KS2 SATs and the Disadvantage Gap

The government is failing to invest either in our schools, or in our most disadvantaged children.


Commenting on Key Stage 2 SATs data for 2023, published today, Niamh Sweeney, Deputy General Secretary of the National Education Union, said:  

“Whilst we do not believe that Key Stage 2 SATs are a fair and accurate method of judging children’s learning, data released today shows an insight into the impact of underfunding and poverty. 

“The disadvantage gap has been reduced by a mere 0.03 and remains significantly higher than in 2019 – evidence of this Government’s failure to meaningfully address child poverty and invest in our schools. In our most recent survey of National Education Union members, 94% of teachers and 97% of support staff respondents believe that poverty or low income affects learning. They have unfortunately been shown to be right by today’s data.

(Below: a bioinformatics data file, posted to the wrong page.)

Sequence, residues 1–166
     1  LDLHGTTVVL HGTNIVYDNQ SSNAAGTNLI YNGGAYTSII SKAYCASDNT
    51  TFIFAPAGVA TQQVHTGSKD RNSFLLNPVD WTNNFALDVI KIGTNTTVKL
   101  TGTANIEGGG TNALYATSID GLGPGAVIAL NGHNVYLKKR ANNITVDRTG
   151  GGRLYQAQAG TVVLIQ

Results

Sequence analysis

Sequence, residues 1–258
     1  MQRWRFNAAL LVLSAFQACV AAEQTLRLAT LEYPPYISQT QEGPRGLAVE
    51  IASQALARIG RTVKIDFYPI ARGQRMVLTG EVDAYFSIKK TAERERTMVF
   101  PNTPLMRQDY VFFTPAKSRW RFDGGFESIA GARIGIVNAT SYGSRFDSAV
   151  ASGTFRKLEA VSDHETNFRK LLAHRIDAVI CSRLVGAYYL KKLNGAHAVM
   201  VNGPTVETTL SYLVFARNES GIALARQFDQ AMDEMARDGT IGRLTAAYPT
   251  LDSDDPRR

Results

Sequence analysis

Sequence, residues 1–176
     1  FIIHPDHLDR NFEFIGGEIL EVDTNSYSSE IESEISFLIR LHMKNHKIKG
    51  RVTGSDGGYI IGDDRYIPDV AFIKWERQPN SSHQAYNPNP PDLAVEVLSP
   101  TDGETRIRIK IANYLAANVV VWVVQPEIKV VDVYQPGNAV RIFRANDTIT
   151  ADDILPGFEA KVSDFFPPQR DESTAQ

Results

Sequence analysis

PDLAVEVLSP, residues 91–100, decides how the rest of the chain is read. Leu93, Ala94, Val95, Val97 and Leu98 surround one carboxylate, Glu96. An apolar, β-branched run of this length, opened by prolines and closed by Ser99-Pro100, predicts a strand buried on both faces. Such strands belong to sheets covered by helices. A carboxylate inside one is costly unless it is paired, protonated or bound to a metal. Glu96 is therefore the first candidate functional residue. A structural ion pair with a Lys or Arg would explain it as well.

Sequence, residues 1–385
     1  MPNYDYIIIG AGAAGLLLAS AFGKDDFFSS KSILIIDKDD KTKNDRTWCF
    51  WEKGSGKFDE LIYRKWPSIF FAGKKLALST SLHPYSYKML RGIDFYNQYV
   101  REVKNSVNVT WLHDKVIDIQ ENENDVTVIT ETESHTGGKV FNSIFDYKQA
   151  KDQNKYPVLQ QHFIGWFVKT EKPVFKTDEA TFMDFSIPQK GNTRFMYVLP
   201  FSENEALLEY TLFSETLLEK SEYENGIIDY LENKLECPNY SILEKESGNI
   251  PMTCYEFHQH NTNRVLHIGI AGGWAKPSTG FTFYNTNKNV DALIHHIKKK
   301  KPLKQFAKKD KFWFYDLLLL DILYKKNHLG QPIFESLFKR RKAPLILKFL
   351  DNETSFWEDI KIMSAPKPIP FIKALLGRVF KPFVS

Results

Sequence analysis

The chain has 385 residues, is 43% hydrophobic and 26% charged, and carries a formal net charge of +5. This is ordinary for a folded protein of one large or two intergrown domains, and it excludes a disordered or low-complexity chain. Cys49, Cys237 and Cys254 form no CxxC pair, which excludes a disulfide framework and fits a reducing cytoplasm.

“Primary class sizes are the highest in Europe, making it incredibly difficult for school staff to give children the individual attention and support they need to learn and succeed. The government needs to invest in our schools, and in our most disadvantaged children: it is failing to do so.” 

Editor’s Note

State of Education: Child Poverty, published 4 April 2023: https://neu.org.uk/latest/press-releases/state-education-child-poverty-1

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